Fortunately, a school population explosion occurred in the fall of 1903, forcing the high school issue to a positive conclusion. From the previous year’s enrollment of 121, the figure reached 183, with an average daily attendance of 142.24 Although, as Colonel Sawyer had pointed out, there were only two students at the high school level in 1902-1903, there were now nine enrolled and thirteen others ready to be graduated into high school in the year beginning in September, 1905. Clearly, the high school could not be discontinued, but must be well provided for in the immediate future. Professor Delmar Harry Traphagen, an experienced educator "highly endorsed by the leading teachers of Seattle and of the Pacific coast," was employed by the board in the summer of 1903, to succeed Professor Henry as superintendent.25 It fell to his lot to make many needed changes under adverse conditions.

To take care of a large class of fifth and sixth graders, the board had fitted up a large room 20 x 40 feet in the upper story of the central building.26 When shortly before Christmas, J. Potter Whittren, a Harvard graduate and mineralogist, visited the school and classrooms, Professor Traphagen reviewed the curriculum with him.

Whittren, well impressed, thought the program a little "advanced" over the usual course of study of "outside" schools, but he found the new attic room poorly ventilated, odorous, and a hardship on the pupils and teacher. He thought that an addition to the building would have been a better investment.27 That, however, was not the kind of report the city fathers had expected of J. Potter Whittren, an erstwhile critic of the school management.

In November, Judge Alfred S. Moore allotted 45% of the license tax receipts to the school board and 55% to the city government, much less than the council had requested. The Nugget advised that the Judge was acting wisely in wanting to know how the council would budget monies turned over to it by the court,28 but went on to say that the city was now in need of an aggregate sum of $13,290 for operating expense, which would be covered by the court allotment, but also had an indebtedness amounting to approximately $30,000.29 During the school board’s fiscal year the original budget receipts of $14,189.95 from the court grew to $20,884.31, and the tempers on the city council were becoming short. Budget cutting was in the air – especially school budget cutting – by council suggestions of discontinuing the popular night school and consolidating the Bridge school pupils with the central school, and by reducing teachers’ salaries.30 Major Strong characterized the night school and salary cuts as a "peculiar brand of economy" on the part of the council.31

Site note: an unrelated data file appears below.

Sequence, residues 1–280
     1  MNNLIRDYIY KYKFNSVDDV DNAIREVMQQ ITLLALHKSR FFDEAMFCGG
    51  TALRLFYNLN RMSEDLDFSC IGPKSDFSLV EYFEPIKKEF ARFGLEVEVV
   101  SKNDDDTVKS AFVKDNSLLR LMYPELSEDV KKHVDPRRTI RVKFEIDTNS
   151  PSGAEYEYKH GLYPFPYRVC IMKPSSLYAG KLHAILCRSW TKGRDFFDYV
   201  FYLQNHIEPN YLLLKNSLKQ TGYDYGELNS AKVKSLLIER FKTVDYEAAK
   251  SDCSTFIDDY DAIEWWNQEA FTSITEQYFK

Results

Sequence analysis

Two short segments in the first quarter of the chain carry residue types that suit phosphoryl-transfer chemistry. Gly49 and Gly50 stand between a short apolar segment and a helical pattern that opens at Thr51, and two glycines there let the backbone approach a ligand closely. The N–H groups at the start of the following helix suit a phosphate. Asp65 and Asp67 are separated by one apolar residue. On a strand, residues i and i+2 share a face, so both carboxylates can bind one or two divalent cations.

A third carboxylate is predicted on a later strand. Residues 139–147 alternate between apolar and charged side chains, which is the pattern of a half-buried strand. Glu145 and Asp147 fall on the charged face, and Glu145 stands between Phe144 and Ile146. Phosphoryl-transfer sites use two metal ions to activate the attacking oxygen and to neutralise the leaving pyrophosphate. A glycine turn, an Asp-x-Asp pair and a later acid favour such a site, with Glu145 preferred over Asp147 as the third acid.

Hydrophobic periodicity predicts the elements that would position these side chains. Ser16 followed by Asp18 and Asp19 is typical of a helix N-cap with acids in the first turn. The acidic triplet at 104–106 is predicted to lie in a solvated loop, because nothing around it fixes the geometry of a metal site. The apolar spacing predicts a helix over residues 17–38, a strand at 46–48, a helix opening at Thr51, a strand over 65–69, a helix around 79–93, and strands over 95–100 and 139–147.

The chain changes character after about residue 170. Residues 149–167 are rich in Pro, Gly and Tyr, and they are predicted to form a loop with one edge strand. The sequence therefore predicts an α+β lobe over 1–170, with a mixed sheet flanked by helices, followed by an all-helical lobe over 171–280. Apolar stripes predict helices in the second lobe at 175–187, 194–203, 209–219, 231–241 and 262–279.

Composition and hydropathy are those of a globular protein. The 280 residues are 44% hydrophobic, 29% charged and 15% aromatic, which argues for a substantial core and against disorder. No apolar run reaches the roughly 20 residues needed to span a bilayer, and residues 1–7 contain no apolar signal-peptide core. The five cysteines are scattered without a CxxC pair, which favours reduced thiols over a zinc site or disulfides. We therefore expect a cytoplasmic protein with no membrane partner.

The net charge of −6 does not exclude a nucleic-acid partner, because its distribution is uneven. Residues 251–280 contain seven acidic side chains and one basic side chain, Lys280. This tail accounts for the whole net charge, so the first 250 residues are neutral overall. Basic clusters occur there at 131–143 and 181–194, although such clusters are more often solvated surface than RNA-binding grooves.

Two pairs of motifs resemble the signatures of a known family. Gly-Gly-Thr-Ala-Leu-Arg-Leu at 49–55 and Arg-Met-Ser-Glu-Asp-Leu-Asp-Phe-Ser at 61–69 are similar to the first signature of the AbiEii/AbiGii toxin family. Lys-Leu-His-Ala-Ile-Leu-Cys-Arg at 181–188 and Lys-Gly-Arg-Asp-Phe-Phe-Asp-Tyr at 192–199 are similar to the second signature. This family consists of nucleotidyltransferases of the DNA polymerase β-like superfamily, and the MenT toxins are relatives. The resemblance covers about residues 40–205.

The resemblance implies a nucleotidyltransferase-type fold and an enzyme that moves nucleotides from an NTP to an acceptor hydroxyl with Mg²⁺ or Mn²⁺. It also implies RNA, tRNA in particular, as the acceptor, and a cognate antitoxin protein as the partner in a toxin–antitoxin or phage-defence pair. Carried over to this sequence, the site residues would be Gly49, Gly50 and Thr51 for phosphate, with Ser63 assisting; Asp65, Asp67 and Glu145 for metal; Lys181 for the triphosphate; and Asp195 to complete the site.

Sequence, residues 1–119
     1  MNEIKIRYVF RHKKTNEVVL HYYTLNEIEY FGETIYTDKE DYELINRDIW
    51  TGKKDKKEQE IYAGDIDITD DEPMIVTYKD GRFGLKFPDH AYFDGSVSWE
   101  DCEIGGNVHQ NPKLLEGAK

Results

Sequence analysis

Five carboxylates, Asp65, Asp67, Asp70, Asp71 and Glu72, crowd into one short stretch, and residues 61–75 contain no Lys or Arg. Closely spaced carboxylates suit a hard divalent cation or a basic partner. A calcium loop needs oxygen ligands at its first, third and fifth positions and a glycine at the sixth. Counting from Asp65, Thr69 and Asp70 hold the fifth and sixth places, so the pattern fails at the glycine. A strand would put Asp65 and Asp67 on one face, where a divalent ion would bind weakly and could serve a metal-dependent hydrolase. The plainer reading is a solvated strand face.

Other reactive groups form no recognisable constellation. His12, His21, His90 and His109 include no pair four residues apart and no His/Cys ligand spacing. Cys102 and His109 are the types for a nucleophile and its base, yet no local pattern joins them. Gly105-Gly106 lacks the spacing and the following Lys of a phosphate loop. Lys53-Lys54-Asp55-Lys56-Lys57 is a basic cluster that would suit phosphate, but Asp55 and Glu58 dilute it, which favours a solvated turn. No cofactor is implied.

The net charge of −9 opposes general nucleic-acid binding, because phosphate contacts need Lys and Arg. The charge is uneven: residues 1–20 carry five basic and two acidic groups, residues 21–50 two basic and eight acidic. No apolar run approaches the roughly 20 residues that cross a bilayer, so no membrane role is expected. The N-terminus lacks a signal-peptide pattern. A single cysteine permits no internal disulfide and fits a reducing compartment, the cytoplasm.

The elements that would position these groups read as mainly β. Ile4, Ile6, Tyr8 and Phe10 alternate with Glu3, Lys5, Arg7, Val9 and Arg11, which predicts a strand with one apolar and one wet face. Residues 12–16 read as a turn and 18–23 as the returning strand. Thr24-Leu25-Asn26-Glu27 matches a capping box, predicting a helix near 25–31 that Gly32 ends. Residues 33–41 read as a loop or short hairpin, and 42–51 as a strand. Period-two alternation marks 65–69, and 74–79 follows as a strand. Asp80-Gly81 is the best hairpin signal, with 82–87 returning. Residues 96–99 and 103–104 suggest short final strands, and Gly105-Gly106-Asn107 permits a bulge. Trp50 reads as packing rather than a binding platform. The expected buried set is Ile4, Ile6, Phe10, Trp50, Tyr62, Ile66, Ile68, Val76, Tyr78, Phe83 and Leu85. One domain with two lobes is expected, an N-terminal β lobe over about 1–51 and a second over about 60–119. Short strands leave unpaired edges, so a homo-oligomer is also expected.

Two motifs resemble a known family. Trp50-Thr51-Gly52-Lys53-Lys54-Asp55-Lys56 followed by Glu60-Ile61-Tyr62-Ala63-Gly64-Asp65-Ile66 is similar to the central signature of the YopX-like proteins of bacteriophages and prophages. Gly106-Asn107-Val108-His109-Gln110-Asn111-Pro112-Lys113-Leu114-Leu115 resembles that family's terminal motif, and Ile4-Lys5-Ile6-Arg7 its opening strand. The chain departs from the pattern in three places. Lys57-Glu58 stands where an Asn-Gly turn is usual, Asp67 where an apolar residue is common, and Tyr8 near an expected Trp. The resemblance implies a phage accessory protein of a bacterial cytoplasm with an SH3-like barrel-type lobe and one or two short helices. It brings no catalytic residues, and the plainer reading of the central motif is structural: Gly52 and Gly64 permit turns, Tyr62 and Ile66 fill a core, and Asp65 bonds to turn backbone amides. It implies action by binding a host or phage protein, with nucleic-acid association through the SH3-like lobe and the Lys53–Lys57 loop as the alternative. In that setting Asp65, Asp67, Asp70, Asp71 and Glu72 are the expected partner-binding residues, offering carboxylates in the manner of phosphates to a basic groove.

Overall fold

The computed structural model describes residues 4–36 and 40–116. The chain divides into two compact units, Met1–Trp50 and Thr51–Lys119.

To the contrary, the school board contemplated more progressive plans. In the annual board report of March 31, 1904, just before the annual elections, the board charged that the annual change of teachers and board members, and neglect of needed supplies, had been detrimental as the school was compelled to open without the necessary supplies and equipment. The board had caused to be formulated a detailed course of study to correct deficiencies in all grade school work, including the fifth and sixth grades which had previously been disregarded. A four year high school course in harmony with the best standards in the United States was also developed by Professor Traphagen with the board’s approval. The night school, a part of the school system, had increased its enrollment to a peak of 75 students. All books and supplies were furnished without cost to all children and adults attending the day and night classes, respectively. The building ventilation had been improved and a steam heating system installed on the first floor.32 This was hardly the gloomy picture projected by Colonel Sawyer the previous summer, but it was a testimonial to the responsible courage of the Colonel and his colleagues of the board, Captain Harry Storey, and A. H. Moore.

Morale is an intuitive response to environmental situations which sparks the will to action in the human race. The arrival of Professor Taphagen, the determination of the school board, and the increasing number of the student body served to motivate the creative drives of the Nome school youth, as well as the teachers. Excellent public presentations were given by all grades and classes at Christmas time and at the closing of the school year.33 A notable contribution to school history was the first publication of the Nome High School Aurora, an octavo annual booklet of 28 pages with class pictures, editorials, articles of general interest, student feature essays, anecdotes, personalities, and supporting advertisements. Wilda Moore and Mabelle Niebling were the founding editors. Ralph Lomen, the manager, contributed the first of a succession of histories of the school by student historians.34

The young lady editors felt that the high school possessed literary talent and were ready, after five months of diligent study, to show that they were "now capable of publishing a superior panphlet containing contributions of Alaskan genius." They acknowledged some leanings towards women’s rights and avowed that "unlike our local contemporaries, we are ‘fearless and independent.’" The deficiency of school spirit was mourned but understood:

The lack of loyalty and spirit here is largely recent organization of the school, the passing population, the cosmopolitan nature of the pupils, and old school ties not fully severed…

If pupils anywhere ought to be loyal, those in the Nome School certainly should, for they are subject to so many attacks, both malicious and otherwise. There should be a strong feeling existing among the pupils to stem this tide of ill will.35